Disasters resulting from severe weather, such as the tornados that blew through Southern Illinois and other states recently, can be deadly. They can also leave people with debilitating injuries that could ultimately lead them to rely on disability benefits. Even people involved in cleanup efforts can be injured, so Chicago's OSHA office is urging people to use caution to stay safe as tornado season begins.
OSHA's regional administrator in Chicago says the company's employees have been onsite in areas affected by tornados recently to provide compliance assistance.
Here are just a few of the dangers involved in tornado cleanup that could lead to serious injuries: downed electrical wires, carbon monoxide and electrical hazards from generators, contaminated water or food, falls from tree-trimming, sharp debris, being struck by heavy cleanup equipment or machinery and the possibility of burns, laceration or musculoskeletal injuries.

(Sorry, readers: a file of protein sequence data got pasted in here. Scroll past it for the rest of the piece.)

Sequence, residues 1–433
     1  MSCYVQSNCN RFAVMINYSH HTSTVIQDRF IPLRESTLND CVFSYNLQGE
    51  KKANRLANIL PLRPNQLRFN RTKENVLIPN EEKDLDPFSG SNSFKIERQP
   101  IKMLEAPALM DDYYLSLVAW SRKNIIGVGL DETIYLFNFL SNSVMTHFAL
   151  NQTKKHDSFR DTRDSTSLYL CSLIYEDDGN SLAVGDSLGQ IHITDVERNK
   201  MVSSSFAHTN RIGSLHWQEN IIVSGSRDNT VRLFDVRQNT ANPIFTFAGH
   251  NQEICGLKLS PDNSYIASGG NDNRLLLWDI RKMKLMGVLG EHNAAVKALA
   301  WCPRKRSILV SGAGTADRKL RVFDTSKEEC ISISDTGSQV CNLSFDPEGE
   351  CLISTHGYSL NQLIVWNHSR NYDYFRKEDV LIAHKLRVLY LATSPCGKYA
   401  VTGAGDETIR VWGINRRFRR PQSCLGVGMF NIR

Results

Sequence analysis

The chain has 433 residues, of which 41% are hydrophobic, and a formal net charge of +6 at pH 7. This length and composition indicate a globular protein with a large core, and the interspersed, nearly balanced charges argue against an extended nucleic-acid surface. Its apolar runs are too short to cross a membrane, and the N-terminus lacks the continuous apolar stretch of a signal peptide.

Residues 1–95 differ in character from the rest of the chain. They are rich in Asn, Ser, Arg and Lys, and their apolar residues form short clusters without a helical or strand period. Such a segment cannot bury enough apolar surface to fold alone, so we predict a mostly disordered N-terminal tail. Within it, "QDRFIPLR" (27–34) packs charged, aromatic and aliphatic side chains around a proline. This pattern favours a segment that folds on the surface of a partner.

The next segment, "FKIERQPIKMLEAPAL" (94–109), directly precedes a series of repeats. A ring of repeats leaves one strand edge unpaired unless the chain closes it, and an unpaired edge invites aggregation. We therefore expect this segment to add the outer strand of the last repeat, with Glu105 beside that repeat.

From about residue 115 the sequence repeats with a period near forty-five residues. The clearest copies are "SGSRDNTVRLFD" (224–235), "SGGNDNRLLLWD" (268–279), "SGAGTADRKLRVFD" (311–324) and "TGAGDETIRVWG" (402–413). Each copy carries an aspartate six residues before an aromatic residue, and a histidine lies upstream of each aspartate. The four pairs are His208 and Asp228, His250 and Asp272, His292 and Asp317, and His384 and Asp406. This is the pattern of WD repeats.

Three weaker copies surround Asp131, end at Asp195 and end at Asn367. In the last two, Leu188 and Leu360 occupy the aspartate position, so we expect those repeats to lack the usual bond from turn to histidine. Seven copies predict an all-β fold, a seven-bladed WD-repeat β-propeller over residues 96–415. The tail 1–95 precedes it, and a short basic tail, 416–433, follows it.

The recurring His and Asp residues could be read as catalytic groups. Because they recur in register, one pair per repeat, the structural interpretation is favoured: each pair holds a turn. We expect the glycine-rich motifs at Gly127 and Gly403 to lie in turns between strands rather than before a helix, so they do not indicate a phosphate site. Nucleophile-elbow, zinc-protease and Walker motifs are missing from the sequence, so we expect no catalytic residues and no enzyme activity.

Employers are responsible for the welfare of their employees and for maintaining a safe work environment under the Occupational Safety and Health Act of 1970.
The regional director says that serious injuries in these situations can be avoided if workers utilize protection equipment and safe practices. "The safety and health of these cleanup crews is our chief concern," he says.
It's important for employers, along with anyone else helping with the cleanup of tornado damage, to help everyone stay safe to avoid injuries. As another twister in Michigan showed last night, tornadoes can cause massive damage that requires a lot of cleanup. Everyone survived that storm, and caution will prevent cleanup workers from suffering needless injuries.
Source: OSHA.gov, "US Labor Department's OSHA urges recovery workers, public to guard against hazards during tornado recovery efforts," March 6, 2012
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